13 Things Real Estate Agents Wish You Knew
Putting your house on the market? “Big-ticket items like a new roof, windows or a furnace add the most value,” says Barb Sukkau, president of the Canadian Real Estate Association.
If you think staged homes look impersonal, that’s the whole point—you want your buyer to imagine themselves living in your house. Be ruthlessly unsentimental about packing away knick-knacks and family photos—kill all clutter.
Fix little signs of wear and tear, like scuff marks and chipped baseboards. Even if your home is otherwise in great shape, the buyer may perceive it as needing work, which could hurt you in price negotiations.
Be sure to tell your selling agent everything about your home. Any flaws you knowingly conceal— lead in the drinking water, for instance—could come back to haunt you later in the form of a lawsuit.
Consider setting a price that’s slightly below the market value for your area. This can help generate offers for your listing, creating a buzz that could result in a bidding war.
Spring is the traditional start of house-hunting season, but as a buyer, you’ll find deals if you purchase during the colder months. “A home listed in the fall often means the seller has to move, rather than just wants to move,” Sukkau says. “Sellers tend to be more motivated from October to December.”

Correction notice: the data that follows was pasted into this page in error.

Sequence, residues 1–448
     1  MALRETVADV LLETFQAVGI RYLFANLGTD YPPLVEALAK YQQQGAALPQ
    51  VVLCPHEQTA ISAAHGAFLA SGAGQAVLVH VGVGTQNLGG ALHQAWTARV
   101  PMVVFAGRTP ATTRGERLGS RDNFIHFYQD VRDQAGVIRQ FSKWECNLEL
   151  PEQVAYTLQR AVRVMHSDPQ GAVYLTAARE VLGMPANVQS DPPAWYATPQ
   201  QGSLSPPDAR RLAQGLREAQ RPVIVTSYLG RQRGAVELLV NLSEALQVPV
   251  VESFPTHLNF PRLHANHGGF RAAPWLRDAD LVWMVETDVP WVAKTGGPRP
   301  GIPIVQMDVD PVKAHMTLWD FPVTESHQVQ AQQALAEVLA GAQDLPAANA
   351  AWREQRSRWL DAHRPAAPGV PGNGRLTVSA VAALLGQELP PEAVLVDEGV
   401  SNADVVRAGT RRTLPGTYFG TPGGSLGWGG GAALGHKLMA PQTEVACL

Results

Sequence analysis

If an agent tries to take you to every house on the market, no matter how unsuitable, beware. That said, says Sukkau, stay open-minded. “Buyers often tell me they want a certain thing but end up buying something else,” she says. “Broadening your parameters can lead to a great find.”
Resist the urge to look at homes beyond your price range, even if the market is red-hot. Those monthly mortgage payments are relentless and they add up over time.
How to survive a bidding war on your dream home: an experienced agent can guide you through these negotiations, but make sure to arrive with a preapproval letter from your lender, and include an escalation clause to limit how high you’ll go.
If you’ve got your heart set on a property but can’t afford to outbid other buyers, try your luck appealing to the seller’s emotions. With your offer, include a “love letter” explaining what the home would mean to you, stressing how much you value what they’ve put into it and what you could bring to the community.
A small minority of homes sold in Canada change hands in “for sale by owner” transactions. The biggest motivation: sellers want to save money on agent commissions, though there are pitfalls aplenty. “Real estate is a complicated transaction,” says Sukkau. “It’s also difficult to price a home and market it properly without an experienced agent’s help.”
Realtors aren’t always pulling in fat commissions. In Ontario, the standard is around five per cent of the purchase price, split between buying and selling agents.
Commissions are always negotiable, says Sukkau, depending on the services provided and the market. Full-service agents may provide professional staging, photography, drone flyovers and other tricks to gussy up your listing, but you’ll pay far less for a more bare-bones approach.